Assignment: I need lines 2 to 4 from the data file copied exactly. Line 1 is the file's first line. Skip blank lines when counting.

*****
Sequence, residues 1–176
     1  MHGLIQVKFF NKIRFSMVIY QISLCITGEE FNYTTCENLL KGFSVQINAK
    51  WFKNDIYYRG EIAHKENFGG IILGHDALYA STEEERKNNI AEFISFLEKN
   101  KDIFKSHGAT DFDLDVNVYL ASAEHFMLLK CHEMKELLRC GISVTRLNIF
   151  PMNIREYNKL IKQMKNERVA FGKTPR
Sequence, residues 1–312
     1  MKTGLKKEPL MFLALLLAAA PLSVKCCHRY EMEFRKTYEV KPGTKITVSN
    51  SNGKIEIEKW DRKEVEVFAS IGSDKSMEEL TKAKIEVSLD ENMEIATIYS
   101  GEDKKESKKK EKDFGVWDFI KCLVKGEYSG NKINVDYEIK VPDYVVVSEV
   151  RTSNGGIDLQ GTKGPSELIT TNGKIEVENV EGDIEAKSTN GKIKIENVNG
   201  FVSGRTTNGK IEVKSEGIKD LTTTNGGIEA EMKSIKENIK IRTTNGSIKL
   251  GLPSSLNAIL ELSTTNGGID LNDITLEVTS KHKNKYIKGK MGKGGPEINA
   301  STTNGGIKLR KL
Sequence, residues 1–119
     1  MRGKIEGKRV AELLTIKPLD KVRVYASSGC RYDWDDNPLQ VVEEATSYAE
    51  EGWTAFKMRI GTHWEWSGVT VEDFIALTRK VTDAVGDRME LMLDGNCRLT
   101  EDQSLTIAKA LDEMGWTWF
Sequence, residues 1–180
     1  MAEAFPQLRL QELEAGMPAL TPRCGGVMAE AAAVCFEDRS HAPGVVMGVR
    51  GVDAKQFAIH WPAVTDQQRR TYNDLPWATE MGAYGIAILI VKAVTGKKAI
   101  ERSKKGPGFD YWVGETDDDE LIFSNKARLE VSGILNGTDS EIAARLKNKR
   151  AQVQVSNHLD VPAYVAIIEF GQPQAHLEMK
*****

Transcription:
     1  MHGLIQVKFF NKIRFSMVIY QISLCITGEE FNYTTCENLL KGFSVQINAK
    51  WFKNDIYYRG EIAHKENFGG IILGHDALYA STEEERKNNI AEFISFLEKN
   101  KDIFKSHGAT DFDLDVNVYL ASAEHFMLLK CHEMKELLRC GISVTRLNIF